Human Dignity: Philosophical Origin and Scientific Erosion of an Idea

  • Kurt Bayertz
Part of the Philosophy and Medicine book series (PHME, volume 52)


The concept of a specifically human dignity is one of the fundamental philosophical innovations of the Renaissance. Parallel to the emergence of the portrait as an independent artistic genre within the field of painting and the autobiography as a new literary genre, a comprehensive series of writings on the dignitas hominis by Petrarca, Giannozzo Manetti and Pico della Mirandola grew to the dimensions of an independent literary genre. These works of art, literature and philosophy lent expression to that new, human self-understanding which was to become fundamental to the Modern Age. Of course, the concept of human dignity did not emerge as a creatio ex nihilo: it is rooted in Ancient philosophy, as well as in Christian theology. In Ancient times, the concept of dignity usually referred to respect for individuals with a high social status: a Greek king or a Roman senator, for example. It was the Stoics who first developed the idea of a dignity attributable to the human being per se, i.e. independently of individual characteristics. In Cicero’s writings, we find both interpretations side by side. Christianity picked up on the second meaning and interpreted the dignity of all human beings theologically: the latter’s origins may be attributed to the special position which the human being assumes within creation as imago dei. Human dignity is viewed here as reflecting the dignity of God.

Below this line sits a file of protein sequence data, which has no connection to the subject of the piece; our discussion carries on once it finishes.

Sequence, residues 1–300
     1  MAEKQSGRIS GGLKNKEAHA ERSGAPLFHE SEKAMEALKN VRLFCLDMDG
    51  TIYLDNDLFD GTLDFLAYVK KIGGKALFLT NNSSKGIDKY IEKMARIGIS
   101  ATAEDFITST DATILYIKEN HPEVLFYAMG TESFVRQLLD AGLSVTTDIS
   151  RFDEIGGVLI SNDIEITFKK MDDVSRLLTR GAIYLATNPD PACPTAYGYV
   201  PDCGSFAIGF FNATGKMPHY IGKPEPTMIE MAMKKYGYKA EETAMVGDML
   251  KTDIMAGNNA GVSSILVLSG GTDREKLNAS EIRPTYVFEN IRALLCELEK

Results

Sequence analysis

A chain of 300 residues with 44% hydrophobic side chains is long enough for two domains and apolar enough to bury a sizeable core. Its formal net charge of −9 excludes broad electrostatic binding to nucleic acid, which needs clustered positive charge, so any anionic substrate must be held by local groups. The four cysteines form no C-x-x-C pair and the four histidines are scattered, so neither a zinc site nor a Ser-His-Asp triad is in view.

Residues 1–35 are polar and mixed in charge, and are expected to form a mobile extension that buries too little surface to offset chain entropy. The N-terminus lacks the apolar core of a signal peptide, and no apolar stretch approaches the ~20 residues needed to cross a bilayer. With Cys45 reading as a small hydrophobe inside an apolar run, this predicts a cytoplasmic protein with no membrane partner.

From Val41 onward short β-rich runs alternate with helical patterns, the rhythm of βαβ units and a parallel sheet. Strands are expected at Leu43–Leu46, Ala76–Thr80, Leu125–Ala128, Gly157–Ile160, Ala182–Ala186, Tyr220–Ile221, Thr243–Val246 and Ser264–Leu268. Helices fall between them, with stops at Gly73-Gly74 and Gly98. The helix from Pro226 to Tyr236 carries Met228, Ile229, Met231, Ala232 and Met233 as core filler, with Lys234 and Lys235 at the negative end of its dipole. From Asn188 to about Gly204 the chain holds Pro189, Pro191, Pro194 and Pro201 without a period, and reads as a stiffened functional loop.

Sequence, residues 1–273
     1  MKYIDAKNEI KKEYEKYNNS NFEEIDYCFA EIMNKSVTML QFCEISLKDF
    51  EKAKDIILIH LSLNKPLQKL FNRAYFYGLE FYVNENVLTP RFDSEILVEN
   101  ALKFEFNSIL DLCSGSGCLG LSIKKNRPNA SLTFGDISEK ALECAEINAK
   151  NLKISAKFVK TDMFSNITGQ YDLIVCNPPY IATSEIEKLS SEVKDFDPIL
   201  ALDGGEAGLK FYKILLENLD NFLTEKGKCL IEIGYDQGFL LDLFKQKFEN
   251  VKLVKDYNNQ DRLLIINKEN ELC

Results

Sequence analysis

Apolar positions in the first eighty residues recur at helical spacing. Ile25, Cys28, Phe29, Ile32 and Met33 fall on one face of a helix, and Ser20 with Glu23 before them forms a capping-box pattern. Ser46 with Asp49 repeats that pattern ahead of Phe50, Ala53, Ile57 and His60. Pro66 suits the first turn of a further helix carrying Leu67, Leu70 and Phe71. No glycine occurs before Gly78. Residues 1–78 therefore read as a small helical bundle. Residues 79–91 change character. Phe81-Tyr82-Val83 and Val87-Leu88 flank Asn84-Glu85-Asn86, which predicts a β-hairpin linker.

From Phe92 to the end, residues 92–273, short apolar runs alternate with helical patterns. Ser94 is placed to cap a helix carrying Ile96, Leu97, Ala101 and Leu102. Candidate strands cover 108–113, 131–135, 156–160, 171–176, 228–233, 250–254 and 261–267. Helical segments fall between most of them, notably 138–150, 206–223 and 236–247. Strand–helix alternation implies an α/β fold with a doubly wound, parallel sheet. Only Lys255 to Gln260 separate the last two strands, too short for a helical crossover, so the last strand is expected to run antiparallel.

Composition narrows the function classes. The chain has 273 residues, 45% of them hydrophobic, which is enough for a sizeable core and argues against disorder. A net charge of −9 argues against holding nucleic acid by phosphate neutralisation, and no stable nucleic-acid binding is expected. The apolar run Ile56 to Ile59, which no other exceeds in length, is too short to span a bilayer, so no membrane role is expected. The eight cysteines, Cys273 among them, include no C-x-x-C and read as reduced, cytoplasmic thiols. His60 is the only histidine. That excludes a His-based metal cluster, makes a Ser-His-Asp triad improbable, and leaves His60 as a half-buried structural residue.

Human Nature Human Dignity Technological Control Human Race Human Subjectivity 
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Copyright information

© Kluwer Academic Publishers 1996

Authors and Affiliations

  • Kurt Bayertz
    • 1
  1. 1.Department of PhilosophyUniversity of MünsterGermany

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